China and Taiwan: A Guide
Updated: Jul 23
On July 1st, Chinese President Xi Jinping gave a speech where he asserted his political position regarding Taiwan’s independence. The speech he gave crushed all hopes of any positive Chinese opinion with regards to Taiwanese independence. In addition, he urged that the Taiwan “issue” cannot keep existing, and that there should be a conclusion soon.
Although Jinping is determined not to allow Taiwanese independence, there was no indication that there would be a Chinese invasion of Taiwan anytime soon. However, his speech did imply a form of unification of the mainland and Taiwan.
This guide will explore the implications of the speech, why China is pressing for a unification, Western reactions, and what the future might hold. However, we must first look into the history of the two nations.
The China-Taiwan history
The Taiwanese population is believed to have roots to Southern Chinese settlers who were the first to ever move to Taiwan. Chinese records show that the first mention of Taiwan dates back to 239CE, when an emperor sent forces to explore the region. Over a millennium later, Taiwan was administered by the Chinese Qing dynasty in 1683.
Starting from the 17th century, many Chinese people from Fukien province started emigrating to Taiwan. Because of that, the majority of the population are descendants of Fujian Hoklo Chinese and the first Southern Chinese settlers. After its Sino-Japanese War victory in 1895, Japan gained control over Taiwan. However, it later had to give up Taiwan to China after its defeat in World War II.
China witnessed a civil war between Communist armies of Mao Zedong and the Chinese Nationalist Party (KMT) led by Chiang Kai-shek, the leader of China back then. Chiang Kai-shek was defeated in 1949, forcing him and his supporters to flee to Taiwan. Following that, he imposed a dictatorship on Taiwan that was met with resentment from Taiwanese people. However, his son, Chiang Ching-kuo, began a process of democritising the country once he became Taiwan’s ruler.
Finally, Taiwan’s “father of democracy”, Lee Teng-hui, carried out major changes that led the foundation to a democratic layout that helped Chen Shui-bian become the first non-KMT president of Taiwan in 2000.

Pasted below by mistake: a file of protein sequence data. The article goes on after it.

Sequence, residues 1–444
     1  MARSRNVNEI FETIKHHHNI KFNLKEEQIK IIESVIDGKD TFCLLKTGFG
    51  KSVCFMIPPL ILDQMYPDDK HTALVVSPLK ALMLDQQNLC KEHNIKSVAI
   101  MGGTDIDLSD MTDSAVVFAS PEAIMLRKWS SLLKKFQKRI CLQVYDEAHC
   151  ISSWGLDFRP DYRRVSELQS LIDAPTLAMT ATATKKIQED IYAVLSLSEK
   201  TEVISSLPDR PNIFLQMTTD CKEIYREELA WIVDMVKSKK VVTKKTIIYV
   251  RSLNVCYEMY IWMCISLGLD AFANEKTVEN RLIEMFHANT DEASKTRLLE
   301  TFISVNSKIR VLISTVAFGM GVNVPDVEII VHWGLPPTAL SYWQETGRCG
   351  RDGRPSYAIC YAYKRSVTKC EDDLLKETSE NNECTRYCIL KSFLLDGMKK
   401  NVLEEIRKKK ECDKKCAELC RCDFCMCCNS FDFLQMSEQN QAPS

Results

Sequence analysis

Now that we are more familiar with history, why does President Xi Jinping want to unify China and Taiwan?
The dream of unity
China wants a reunification with Taiwan where the main idea behind it would be “one country, two systems”. However, Taiwanese President Tsai Ing-wen expressed her complete rejection of the idea. On the other hand, China expressed on many occasions that reunification is inevitable, and that it would happen by force if need be.
During his speech, President Jinping promised to “smash” any attempts against China’s plans of reunification. In his speech, he also mentioned how reunification is a Chinese duty that dates many years back, calling it an “unswerving historical task”. Not only did he say that this duty concerns both the Chinese Communist Party and the Chinese people, but it stretches to the people of Taiwan, calling them to crush any attempt at “Taiwan independence plots”.
In 2020, China flew 380 jets over the Taiwan strait. Actions like these have been recurring even after President Joe Biden took office. Experts are saying that China is exercising psychological warfare to destroy any attempt at creating a democratic and independent Taiwan. The US, the EU, and even Japan showed increased support for Taiwan.
Experts are divided on whether or not a Chinese invasion of Taiwan could happen. Some say it’s highly unlikely, while others say it could happen within the next decade. It is still unclear what the West, especially the US, would do in the event of a Chinese invasion. However, former US President Donald Trump had deepened US-Taiwan relations. Likewise, the Biden administration is continuing on this path.
The US advised Taiwan to increase its military spending and be more present on the waters of the Taiwan strait to be more assertive in the region. President Tsai agreed to increase military spending as per US advice, leading her cabinet to propose a 10 percent increase on the defense budget in 2021
What the future might hold
China’s position regarding reunification seems more assertive than ever. Many experts see it as an inevitable event that will happen sooner or later. While an invasion is still not a confirmed scenario, it is still possible. Although Taiwan received international support, the situation is far trickier than simply taking sides.
Interestingly, according to opinion polls conducted by National Chengchi University, most of Taiwan’s population support the “one country, two systems” concept. That being said, President Tsai is looking to make Taiwan a fully independent nation regardless. Therefore, with regards to an invasion, keeping up with the psychological warfare, independence, and Western response, anything can happen. There is no theory regarding the China-Taiwan future that is confirmed, so we will have to wait and see how current events are unfolding to have a better idea of the future.
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